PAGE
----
It’s all over for another year. The 2013 Fellowship programme, that is. We celebrated this year’s Fellows’ craftsmanship and enthusiasm for the SPAB philosophy with an award ceremony in November. The touring Fellows made a stop in London so they could be presented with their William Morris Craft Fellowship certificates in the impressive surroundings of Ironmongers’ Hall.
Nearly 100 guests were welcomed with a speech from Lord Cormack, Chairman of William Morris Craft Fellowship Founding Committee. Lord Cormack remarked that “without craftspeople the grand designs of architects cannot be realised” – a theme that was echoed throughout the day. SPAB Director, Matthew Slocombe, introduced each Fellow, commending them individually for their dedication to their craft and the Fellowship.
When SPAB Scholar Martin Ashley (of Martin Ashley Architects) addressed the room he spoke of the enduring nature of craftsmanship, “crafts have existed forever and will exist forever; the William Morris Craft Fellowship ensures this”.
Dorian Crone, SPAB Scholar founding and current member of the Dance Scholarship Trust, closed the event. He drew parallels to the Lethaby Scholarship, which runs parallel to the Fellowship programme, and spoke of the great things that can happen when architects and craftspeople pool their knowledge.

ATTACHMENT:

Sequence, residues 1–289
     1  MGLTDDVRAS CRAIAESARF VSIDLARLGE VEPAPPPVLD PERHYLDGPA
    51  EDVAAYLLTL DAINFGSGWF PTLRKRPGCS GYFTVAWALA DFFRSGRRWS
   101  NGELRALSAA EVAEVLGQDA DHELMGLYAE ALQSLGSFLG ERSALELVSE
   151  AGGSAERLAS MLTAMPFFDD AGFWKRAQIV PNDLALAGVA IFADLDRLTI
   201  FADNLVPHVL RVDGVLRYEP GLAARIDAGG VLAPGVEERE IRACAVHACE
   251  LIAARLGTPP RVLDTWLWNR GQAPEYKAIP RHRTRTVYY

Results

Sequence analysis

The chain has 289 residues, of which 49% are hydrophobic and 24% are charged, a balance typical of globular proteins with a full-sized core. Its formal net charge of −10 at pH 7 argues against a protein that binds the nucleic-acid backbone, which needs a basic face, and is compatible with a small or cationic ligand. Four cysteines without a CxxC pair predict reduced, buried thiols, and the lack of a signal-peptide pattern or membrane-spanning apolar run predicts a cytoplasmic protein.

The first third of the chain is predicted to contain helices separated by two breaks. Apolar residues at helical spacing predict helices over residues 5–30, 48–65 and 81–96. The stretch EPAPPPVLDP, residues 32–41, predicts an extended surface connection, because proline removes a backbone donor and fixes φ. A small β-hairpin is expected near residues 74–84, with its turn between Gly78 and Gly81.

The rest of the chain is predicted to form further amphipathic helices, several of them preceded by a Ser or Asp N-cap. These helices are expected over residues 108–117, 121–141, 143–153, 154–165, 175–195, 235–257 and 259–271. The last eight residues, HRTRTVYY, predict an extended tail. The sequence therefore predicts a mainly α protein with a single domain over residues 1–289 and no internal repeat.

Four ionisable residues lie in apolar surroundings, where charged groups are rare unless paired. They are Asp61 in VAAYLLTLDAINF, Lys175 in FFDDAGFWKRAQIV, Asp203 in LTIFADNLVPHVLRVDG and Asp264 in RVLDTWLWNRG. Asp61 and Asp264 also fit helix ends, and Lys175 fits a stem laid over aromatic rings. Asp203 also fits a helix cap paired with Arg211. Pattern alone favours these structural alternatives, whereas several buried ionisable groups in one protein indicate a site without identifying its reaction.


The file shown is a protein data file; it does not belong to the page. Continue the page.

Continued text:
Here’s what this year’s Fellows had to say about their experiences over the last 6 months:
Johnnie Clark, stonemason Fellow from Glasgow
“The appreciation and understanding I have gained of all the different crafts involved in the field of conservation has allowed me to approach my own work with greater confidence. I am involved in apprentice training, which is major focus at the Cathedral and I can pass all that I have learnt onto the trainee stonemasons. In terms of my own craft, I have been able to move out of my comfort zone and understand the regional differences in materials, adapting to the many types of stone and tools used.”
Jamie Miles, plasterer Fellow from Chesterfield
“Personal highlights have been the 2 weeks spent at the Centre for Alternative Technology in Wales where I had the opportunity to repair an old lime kiln and build a slaking tank before firing up the kiln and seeing the whole process involved in producing quicklime. I feel the knowledge and confidence gained from my time on the Fellowship will be invaluable to me and my company in the future.”
Tyrone Oakley, leadworker Fellow from Dundee
“The SPAB Fellowship has been a very edifying experience for me. The first thing I learnt was just how little I knew about anything whatsoever! The variety on the course has filled me with a great appreciation for historical architecture. I’ve been given a good understanding of our national crafts, both ancient and contemporary. But most of all my love of my own craft, leadwork, has reached a new level of obsession.”
The SPAB Fellowship is supported by English Heritage, Historic Scotland, The Monument Trust, William Morris Craft Fellowship Trust and William Morris Society. If you would like talk about how you can support the Fellowship get in touch with our Development Manager firstname.lastname@example.org.